6. My issue with radios is not so much about whether breakaways are reeled in or not. It’s more like a case awhile back when a certain American rider raced up a huge climb in France against another guy, a noted climbing specialist from Italy. The story was (and it was heralded as something to be praised and sdmired, at least in the US press) the American’s DS, while watching a TV in the team car, used a mobile phone to call a doctor in Italy who was also watching the race, to inquire as to how long the Italian might keep up the pace. After getting an answer, the DS radioed the opinion to his rider who adjusted his tactics accordingly. While it was an exciting stage to watch anyway, I would have preferred a situation where the American would have had to simply look his Italian competitor in the eye and make a tactical decision for himself. These kind of situations can’t be quantified in any objective fashion, nor can you quantify an exciting or non-exciting race. TV ratings can suggest this and from what I’ve been led to believe, those are going down in many cases, which is supposedly why the broadcasters suggested doing something to create more excitement for the TV viewer. The rider’s safely issues could be handled with a simple one-way communicator from race-control, so why not ditch the radios for awhile and see what happens?

  7. Hm.. okay, maybe it favours the bold, but it touches on the very essence of the issue: is cycling exciting enough to watch. It is exciting when the racing is eventful, i.e. chases, attacks, bold and brave actions, wether they succeed or not. Last weekend’s Milan-Sanremo is a prime example. I guess everybody agrees on that.
    But then, there’s no dull and monotonuous races. The Tour de Frances of late.. they don’t contain many memorable stages/events, do they? We’ve even come so far that riders apologise for attacks to a ride who just attacked them! The chain-incident is the only memory that comes to my mind, when I think of the Tour of 2010. Oh yes, and Contador *giving* the stage to Andy on the Tourmalet.

    Paris-Nice, a forthnight ago: save for Samu, everybody sat in each other’s wheels, holding onto position they had. Radioshack had three men in the top10 and not a single move by one of them.

    My point: cycling has become very dull at times. I’ll probably follow the sport anyway, but I would reckon that many feel so and the image of radio-communication that of a tool not supporting exciting racing, but rather a mean that is counterproductive to exciting racing. I guess the article suggests the opposite? I don’t know wether it’s very convincing, to be honest, not to me and i guess certainly not to Mrs Kneeshaw from County Donegal.

    Maybe try find other ways to reward and stimulate bold racing.. time bonusses are an example, certainly on mountain top finishes. It worked great at the Tirreno, for instance.

    Radio’s don’t appeal to the masses. Or at least, not the way they are used now.

  8. When the peloton goes easy (I’d love to keep up with their piano pace) when it doesn’t matter, it means they can go harder when it does. All the while, it keeps the GC just a little bit tighter.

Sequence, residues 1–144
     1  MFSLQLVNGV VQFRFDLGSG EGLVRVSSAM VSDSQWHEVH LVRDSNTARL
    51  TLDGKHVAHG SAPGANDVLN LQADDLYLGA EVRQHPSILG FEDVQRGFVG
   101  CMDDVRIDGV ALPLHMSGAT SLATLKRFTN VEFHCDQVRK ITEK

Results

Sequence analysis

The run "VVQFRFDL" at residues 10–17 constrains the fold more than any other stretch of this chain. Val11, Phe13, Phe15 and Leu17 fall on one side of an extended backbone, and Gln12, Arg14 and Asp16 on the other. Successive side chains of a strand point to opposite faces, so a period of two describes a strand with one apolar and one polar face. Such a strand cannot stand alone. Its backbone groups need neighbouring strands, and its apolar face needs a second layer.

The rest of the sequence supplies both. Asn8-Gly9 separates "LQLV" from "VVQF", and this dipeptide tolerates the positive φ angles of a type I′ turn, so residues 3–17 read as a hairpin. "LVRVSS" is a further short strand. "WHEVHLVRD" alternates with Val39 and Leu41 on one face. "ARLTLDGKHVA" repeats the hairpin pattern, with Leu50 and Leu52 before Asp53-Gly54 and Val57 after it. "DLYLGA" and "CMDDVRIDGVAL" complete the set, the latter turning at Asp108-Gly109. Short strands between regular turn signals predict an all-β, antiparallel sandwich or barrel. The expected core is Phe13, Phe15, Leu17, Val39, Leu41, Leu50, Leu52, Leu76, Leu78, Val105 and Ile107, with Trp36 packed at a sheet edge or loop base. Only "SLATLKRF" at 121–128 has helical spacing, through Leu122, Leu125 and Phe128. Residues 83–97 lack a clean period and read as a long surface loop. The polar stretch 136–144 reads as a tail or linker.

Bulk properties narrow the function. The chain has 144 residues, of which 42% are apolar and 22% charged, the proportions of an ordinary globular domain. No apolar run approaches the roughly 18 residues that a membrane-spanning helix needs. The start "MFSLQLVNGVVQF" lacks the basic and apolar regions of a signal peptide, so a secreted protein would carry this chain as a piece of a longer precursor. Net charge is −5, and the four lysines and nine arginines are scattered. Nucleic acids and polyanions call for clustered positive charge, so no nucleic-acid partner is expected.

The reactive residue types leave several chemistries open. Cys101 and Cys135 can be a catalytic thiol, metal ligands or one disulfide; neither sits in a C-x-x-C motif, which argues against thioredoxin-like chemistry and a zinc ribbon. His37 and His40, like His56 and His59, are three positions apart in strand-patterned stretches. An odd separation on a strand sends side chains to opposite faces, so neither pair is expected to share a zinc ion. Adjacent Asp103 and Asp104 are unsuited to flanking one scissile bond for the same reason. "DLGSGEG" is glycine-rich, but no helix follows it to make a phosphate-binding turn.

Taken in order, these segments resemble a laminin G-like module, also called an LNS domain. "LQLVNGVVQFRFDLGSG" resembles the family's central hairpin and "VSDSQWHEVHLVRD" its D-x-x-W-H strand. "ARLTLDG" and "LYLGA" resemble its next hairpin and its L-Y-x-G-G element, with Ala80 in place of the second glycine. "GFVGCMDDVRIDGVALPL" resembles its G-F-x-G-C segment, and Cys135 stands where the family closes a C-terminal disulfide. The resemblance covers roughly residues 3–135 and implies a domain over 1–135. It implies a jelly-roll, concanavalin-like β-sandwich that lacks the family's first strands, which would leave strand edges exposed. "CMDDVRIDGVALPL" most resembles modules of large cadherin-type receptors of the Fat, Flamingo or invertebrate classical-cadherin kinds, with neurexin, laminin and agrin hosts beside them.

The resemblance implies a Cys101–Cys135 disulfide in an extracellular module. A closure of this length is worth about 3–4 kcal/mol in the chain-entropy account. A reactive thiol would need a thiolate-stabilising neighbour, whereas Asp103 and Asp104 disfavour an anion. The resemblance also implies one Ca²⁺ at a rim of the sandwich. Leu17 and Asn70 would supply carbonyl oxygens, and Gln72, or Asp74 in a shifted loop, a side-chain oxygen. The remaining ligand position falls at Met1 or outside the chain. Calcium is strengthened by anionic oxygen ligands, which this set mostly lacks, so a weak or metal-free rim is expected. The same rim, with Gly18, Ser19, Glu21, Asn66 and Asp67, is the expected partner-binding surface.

We don’t have to buy into the riders’ histrionics on radios, but actual data is better than waxing nostalgic about a time that may or may not have ever existed.

  9. To all: I’m not really pro or anti radios and note the effects above are only at the margin. Radios don’t make racing suddenly exciting, I’m sorry if my words give that impression as that’s most certainly not what I meant. It’s just that the bunch sits up *only* when they know they can’t catch a rider and thus the time difference appears bigger… but obviously if a rider is dangerous for the GC then maybe the sprinters’ teams sit up but the GC tams take over.

    lieutenantmudd: you’ve seen http://www.sportsscientists.com/2011/03/biological-passport-effective-fight-or.html right? If not, take a look.

    Larry T: I hear you but only the other day I was re-reading Laurent Fignon’s biography and Cyrille Guimard – possibly the ultimate DS – was telling Fignon to attack LeMond. No radios then but Guimard was commanding Fignon like he was a chess piece.

    Reno: radios or not… cycling is sometimes a slow sport. I happen to like the slow moments but let’s not imagine the sport is packed with excitement. See the pre-radio Indurain era for example.

  10. Statistics, like hindsight are a fools wisdom. Both can be distorted to suit an argument. There is no doubt that adding or subtracting an element from an equation will alter the path to and hence the result. Self preservation disguised as stewardship seems to be the high ground being fought over. Though I wonder if the way forward is to go backwards.

  11. There’s two points about the racing raised by the radio debate I think. One is the notion that the chasing down of breakaways is a boring thing rather than being one of the great aspects of the sport. It’s hard to find other sports that have anything comparable to watching a few guys bury themselves trying to hold off the peleton. It brings out everyone’s desire to see the underdog triumph and the joy of watching the breakaway succeed despite your expectations is the payoff for the majority outcome.